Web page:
"Tarot is fascinating. No matter the deck, each card represents a circumstance, situation, or type of person that can be encountered along the human journey. Our whole experience of life can be reduced, to a degree, to a system of varied archetypes or highly applicable situational portraits. To make the most of each Tarot reading, it’s important to ask how each card meaning can apply to your life and simply allow it to stir up the dust." – Ana Haydee Linares, creator of the Floriography Tarot
Imagine a Tarot deck filled with vintage photographs and designs, where the heads of the Major Arcana figures are replaced with bushes, flowers, plants and trees—and where the Minor Arcana suits happen to be Sunflowers, Birds-of-Paradise, Tulips and Tree Trunks.
I know such renderings may sound bizarre, even look bizarre, but somehow, it works in the form of the Floriography Tarot.
A full color chart accompanies this deck, detailing which flower, plant or tree serves as each Major’s headspace. Such substitutions for actual heads make me want to research the various flora to discover the attributions of each, including historical symbolism, so I can (possibly) figure out why Ms. Linares made these artistic and botanical choices.
But even without human heads, the poses in the Floriography Tarot are suggestive enough to elicit intuitive questions critical for deep and contemplative readings. You may get answers from this deck, but I find the questions it asks far more interesting and challenging.
For example, I’ve always felt that the Rider-Waite-Smith posing for The Star was silly and meaningless at face value. Why would a naked woman bother pouring water in a stream at night, as well as on the bank beside her? But what about a figure—with a Lotus head—stooping down next to a jar, both hands holding a cloth above its opening?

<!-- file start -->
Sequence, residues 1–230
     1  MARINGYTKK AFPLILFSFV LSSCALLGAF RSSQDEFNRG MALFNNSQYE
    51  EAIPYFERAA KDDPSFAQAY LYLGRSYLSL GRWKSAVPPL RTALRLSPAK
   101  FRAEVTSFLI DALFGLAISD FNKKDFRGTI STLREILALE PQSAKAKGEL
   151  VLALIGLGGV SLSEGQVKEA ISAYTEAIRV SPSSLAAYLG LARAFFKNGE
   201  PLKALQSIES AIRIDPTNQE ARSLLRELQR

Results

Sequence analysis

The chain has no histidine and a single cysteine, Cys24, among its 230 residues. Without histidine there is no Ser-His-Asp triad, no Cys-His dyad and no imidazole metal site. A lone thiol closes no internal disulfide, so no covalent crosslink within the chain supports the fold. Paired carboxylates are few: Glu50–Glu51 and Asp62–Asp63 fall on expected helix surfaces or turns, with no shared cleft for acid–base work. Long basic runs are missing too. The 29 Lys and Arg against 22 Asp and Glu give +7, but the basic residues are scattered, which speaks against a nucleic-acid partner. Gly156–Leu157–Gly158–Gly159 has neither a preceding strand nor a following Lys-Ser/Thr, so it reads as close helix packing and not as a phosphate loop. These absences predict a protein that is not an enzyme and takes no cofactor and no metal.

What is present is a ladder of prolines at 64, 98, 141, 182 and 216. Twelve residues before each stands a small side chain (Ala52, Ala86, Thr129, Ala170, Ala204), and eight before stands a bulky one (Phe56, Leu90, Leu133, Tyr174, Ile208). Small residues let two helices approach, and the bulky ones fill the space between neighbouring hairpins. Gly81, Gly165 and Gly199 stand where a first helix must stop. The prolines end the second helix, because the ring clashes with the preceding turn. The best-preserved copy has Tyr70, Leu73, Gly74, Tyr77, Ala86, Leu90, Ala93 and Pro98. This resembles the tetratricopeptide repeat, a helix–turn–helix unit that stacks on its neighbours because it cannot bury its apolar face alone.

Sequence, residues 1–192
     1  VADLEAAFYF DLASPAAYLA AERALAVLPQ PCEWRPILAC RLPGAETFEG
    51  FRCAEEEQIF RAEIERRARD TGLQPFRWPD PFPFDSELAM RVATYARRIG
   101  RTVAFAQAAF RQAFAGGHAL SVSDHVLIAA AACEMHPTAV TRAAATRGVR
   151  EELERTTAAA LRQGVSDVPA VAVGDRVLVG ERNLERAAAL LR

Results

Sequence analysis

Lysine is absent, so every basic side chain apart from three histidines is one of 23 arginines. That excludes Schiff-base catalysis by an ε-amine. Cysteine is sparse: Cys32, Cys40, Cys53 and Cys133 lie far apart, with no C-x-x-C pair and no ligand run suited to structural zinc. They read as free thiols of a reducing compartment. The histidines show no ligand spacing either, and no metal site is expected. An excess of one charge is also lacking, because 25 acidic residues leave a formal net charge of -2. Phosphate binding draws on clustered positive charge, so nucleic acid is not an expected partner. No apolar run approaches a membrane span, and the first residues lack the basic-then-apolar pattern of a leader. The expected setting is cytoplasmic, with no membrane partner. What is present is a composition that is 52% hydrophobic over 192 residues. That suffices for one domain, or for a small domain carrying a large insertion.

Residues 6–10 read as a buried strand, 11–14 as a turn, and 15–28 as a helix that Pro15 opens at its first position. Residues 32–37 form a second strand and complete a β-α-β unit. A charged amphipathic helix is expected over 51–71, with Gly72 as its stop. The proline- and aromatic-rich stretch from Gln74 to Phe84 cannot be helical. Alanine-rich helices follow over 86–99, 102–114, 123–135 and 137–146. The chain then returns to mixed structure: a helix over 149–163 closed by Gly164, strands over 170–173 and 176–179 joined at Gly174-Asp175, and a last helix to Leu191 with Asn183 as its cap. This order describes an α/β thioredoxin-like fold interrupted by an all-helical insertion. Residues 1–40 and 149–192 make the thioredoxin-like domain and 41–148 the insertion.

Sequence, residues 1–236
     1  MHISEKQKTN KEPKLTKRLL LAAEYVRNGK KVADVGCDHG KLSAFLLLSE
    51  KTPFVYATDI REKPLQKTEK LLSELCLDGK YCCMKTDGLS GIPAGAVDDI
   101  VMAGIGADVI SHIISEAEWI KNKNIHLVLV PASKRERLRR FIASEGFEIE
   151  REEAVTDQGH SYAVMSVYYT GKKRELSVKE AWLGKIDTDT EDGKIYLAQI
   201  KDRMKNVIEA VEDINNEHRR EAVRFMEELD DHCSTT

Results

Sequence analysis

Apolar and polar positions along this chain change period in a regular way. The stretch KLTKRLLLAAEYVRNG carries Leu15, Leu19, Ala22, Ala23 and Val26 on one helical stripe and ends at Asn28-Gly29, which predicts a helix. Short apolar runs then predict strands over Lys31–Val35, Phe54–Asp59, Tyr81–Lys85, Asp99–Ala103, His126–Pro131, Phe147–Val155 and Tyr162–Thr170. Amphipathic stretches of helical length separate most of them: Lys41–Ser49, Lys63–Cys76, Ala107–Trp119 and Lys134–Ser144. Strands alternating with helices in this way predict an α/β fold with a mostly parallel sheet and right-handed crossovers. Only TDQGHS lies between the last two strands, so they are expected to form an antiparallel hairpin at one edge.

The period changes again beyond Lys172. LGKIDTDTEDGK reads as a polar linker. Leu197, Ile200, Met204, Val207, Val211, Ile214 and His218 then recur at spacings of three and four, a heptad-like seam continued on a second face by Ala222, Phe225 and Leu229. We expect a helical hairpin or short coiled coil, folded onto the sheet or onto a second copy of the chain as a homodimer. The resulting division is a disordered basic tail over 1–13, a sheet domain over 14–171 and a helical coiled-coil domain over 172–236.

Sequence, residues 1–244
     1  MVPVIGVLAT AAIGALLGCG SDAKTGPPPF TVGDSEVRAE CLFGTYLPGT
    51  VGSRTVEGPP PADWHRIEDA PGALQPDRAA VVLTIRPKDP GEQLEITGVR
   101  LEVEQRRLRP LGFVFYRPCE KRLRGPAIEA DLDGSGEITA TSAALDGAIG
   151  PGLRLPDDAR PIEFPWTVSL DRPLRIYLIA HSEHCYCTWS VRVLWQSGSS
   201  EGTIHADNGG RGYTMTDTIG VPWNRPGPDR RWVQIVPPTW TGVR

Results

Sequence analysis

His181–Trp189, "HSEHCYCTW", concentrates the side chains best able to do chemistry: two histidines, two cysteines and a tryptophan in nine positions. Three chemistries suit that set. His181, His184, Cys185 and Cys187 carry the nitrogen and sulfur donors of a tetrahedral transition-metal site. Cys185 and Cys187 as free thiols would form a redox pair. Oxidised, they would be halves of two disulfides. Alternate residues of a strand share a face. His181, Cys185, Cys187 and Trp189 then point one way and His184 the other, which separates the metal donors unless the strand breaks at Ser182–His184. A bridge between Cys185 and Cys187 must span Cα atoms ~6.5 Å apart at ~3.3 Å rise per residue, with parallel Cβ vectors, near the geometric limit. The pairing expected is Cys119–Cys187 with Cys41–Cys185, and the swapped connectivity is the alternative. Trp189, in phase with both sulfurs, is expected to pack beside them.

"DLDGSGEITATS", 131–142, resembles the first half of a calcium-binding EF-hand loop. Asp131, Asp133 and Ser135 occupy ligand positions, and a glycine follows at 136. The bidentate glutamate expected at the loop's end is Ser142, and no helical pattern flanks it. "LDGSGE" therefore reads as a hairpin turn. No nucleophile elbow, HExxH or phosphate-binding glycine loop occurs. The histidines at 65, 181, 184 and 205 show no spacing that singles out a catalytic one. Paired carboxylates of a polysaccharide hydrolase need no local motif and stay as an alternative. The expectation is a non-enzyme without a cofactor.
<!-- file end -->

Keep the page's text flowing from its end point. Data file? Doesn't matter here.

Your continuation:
Has the figure just collected life-saving water from a dew-soaked rag, about to wring it into the jug? Or, does the bottle contain some type of disinfectant, salve or medicine that will help an injury? Or is the figure merely about to wash his hands outdoors? And how do these questions connect with what I know of The Star card, including traditional meanings and self-created interpretations?
Or take the 5 of Pentacles. Why is the boy “split”? Is it even the same boy? Does it signify a “split family”…or a split personality? What connections can be made by pondering “separation” in light of this card? How might that line of thought inform RWS imagery or traditional interpretations?
I think the Floriography Tarot is a fantastic deck for probing the psyche, performing wisdom readings and for contemplative journaling. Because of it’s abstract design, however, and lack of Minor Arcana titles (only Roman numerals), unless the imagery and presentation call to you, this may prove a difficult deck for beginners or those wanting clear, direct answers to shallow fortunetelling questions.
But those who appreciate fresh, surprising twists on Tarot imagery—and love flowers, plants and trees—will no doubt found the Floriography Tarot by Ana Haydee Linares a welcome addition to their collection.
interesting tarot reading..
Posted by: jane | 06/19/2013 at 12:23 AM